Ben Grant

My research interests include postcolonial and world literature, the theory and practice of the aphorism, travel literature, psychoanalysis, and translation studies.

In my first book Postcolonialism, Psychoanalysis and Burton: Power Play of Empire (Routledge, 2009), I examined how the iconic Victorian explorer and translator, Richard Francis Burton, engages with the non-European world in his many writings. My second book, The Aphorism and Other Short Forms, is in the Routledge New Critical Idiom series, and it aims to give a consolidated picture of the exciting and often marginalised genres of the aphorism and related short forms, such as the proverb and the fragment. My articles include a study of how the explorer Paul du Chaillu brought together gorillas and cannibals in his account of West Africa; a co-authored piece which proposes a new term – ‘ex-patriotism’ – to explore Burton’s and Rudyard Kipling’s relationships to England; and an examination of the place of ancestors in the work of Frantz Fanon. I also contributed the entry on Richard Francis Burton to the Blackwell Encyclopedia of Victorian Literature, and an essay of mine appears in the catalogue of a major international exhibition on the Kama Sutra held in Paris in 2014. Most recently, I have written the Dictionary of National Biography entry on Jenny Diski, and the entry on 'Anthology' in the Oxford Encyclopedia of Literary Theory.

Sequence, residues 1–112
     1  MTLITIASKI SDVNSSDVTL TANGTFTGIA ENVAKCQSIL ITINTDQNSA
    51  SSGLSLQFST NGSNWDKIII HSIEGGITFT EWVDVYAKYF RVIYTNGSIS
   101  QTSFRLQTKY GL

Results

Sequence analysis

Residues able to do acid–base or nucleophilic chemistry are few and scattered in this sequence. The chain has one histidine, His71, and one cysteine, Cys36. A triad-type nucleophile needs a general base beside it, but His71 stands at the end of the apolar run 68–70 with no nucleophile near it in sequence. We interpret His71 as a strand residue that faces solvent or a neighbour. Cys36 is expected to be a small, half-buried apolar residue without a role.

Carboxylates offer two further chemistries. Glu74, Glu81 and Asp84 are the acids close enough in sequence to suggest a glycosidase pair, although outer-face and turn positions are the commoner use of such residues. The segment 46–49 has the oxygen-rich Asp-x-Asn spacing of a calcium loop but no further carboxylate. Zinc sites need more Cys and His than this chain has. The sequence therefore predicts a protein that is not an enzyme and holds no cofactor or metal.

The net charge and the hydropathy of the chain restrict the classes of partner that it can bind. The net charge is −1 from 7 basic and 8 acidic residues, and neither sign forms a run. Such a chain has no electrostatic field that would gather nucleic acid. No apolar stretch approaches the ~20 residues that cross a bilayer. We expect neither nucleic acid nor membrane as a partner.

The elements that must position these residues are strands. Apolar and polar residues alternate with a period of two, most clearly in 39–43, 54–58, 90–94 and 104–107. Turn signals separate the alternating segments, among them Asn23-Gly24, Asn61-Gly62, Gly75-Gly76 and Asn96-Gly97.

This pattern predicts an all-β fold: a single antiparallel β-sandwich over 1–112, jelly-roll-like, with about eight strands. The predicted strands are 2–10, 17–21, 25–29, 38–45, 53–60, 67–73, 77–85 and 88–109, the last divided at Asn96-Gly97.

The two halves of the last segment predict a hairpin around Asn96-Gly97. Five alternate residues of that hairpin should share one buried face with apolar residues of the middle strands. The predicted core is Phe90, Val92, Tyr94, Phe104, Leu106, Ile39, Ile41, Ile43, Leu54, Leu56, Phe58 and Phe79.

I am currently working on two, somewhat interrelated, projects: uselessness, and Jenny Diski.

  Postcolonial and World Literature; Critical Theory; Victorian Literature; Modernism; American Literature

Department for Continuing Education:

Kellogg College:

Twitter: @BenJohnGrant